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Brett Johns on second calf-slicer win in UFC history: ‘I love doing crazy submissions’

Brett Johns’ 30-second submission victory over former Bellator featherweight champion Joe Soto was just the second calf-slicer finish in the UFC’s 24-year history.

And that’s just how the Welsh bantamweight likes it.

“I like doing crazy stuff when it comes to grappling,” Johns said on a recent edition of The MMA Hour. “I love doing crazy submissions.”

It was also a way to make himself some extra money, as the undefeated 25-year-old from Swansea, picked up a $50,000 Performance of the Night bonus for his nifty move at The Ultimate Fighter 26 Finale in Las Vegas.

The swift finish came about as the result of a scramble after Soto shot for a single-leg takedown. At the time, Johns thought that he just got lucky with positioning. But in looking over the tape, he realizes he was already working for the move as the sequence unfolded, even if it was only in his subconscious at the time.

“Looking back, I thought he did take me down and he just rolled over me,” Johns said. “I thought that I fell down into it. But looking back on the video, he shot for the single leg, I wrap my arms around toward him, toward his backside area, and I grabbed my own foot, so in my head I must have had some sort of inkling it was there. Looking back at the time, I thought I fell into it, but realistically I went around and grabbed my foot, I pulled him over me, I was working for that sub when he shot for that takedown.”

That put Johns in the books with Charles Oliveira, who used a calf slicer to tap out Eric Wisely in 2012, as the only competitors every to successfully pull of the rare submission in the Octagon.

Johns has been on the wrong end of the move in practice, and having done so, can attest to why someone like Soto was so quick to tap once trapped.

“It’s a horrific little submission, and its a pretty painful one,” Johns said. “The best way to describe it was, when you get a door, and when it’s just about to shut, you put a plank of wood by the joint, obviously it’s going to snap off the hinges. And that’s the exact similar thing, but with the knee. It’s a horrific injury, it is. I’ve been badly hurt by it before and you struggle to walks for a couple days.”

Johns, however, is not about to let the win over Soto be his only moment in the spotlight. Far from it. The former Titan FC bantamweight champion is now 3-0 in the UFC, and while he might not quite be ready for the guys at the very top of the division, he believes he should fight someone just outside the top 10 next as he looks to continue climbing the ladder.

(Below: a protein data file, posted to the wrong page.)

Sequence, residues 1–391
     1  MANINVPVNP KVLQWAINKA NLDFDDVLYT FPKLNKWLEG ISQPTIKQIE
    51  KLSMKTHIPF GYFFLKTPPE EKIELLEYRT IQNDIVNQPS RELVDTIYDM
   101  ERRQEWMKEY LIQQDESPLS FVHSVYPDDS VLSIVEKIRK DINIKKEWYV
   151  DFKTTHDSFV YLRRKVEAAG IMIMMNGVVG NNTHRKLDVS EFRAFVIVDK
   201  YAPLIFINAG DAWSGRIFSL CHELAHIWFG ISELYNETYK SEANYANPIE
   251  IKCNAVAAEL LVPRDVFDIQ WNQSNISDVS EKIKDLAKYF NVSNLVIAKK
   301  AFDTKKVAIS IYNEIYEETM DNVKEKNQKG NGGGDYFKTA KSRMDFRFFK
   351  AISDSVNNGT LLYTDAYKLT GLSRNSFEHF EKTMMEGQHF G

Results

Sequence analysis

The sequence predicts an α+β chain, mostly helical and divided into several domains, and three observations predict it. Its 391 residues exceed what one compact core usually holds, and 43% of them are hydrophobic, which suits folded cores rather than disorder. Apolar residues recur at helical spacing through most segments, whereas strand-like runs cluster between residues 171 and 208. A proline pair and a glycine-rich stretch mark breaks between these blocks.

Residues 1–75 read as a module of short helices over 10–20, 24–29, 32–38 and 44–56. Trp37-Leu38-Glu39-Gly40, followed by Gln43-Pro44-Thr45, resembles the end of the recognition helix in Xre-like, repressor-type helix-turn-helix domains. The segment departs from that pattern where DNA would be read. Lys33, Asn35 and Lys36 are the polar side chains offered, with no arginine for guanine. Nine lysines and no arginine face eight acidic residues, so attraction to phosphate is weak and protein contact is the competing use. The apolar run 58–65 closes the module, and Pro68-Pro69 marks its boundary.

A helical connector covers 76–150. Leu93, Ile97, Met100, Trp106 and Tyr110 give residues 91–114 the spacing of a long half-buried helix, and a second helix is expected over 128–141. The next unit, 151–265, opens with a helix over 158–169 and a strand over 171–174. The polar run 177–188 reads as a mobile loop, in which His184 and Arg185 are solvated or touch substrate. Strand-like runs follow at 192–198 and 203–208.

The UFC’s London date on March 17 against someone who has been yapping at him on Twitter would suit him just fine.

“I’m looking forward to seeing what I want to do next,” Johns said. “I know that London’s in March. That will be a nice one. We’ve got Marlon Vera on the internet, we’ve got Cody Stamman on the internet, we’ve got everyone on the internet. I’m not a guy who really cares about who I have next. From now on all, these fights are the hardest fights I’m ever going to have, so I want to go through every one of the top 15. I really do. So whoever they put next, I’ll be happy to fight.”

Johns is developing quite a following back home in Wales. He likens his path to the one paved by former two-weight world boxing champion Joe Calzaghe. Johns notes he checked Las Vegas, where Calzaghe competed, off his checklist with the Soto win, and he hopes to chart a similar direction home.

“I wanted to follow in similar footsteps,” Johns said. “He did Vegas, he did Bernard Hopkins. He also fought Roy Jones Jr. at MSG, that’s also another one on my list, and as you said before, Millenium Stadium, but you need a super-card to fill that place. You have about 80,000 seats or whatever it is, and then the next thing we got is about a 3,000 seat thing and it’s just not right for UFC. Everyone asks that question, when the UFC is coming to Wales, but we need to find a card that can slot nicely.”

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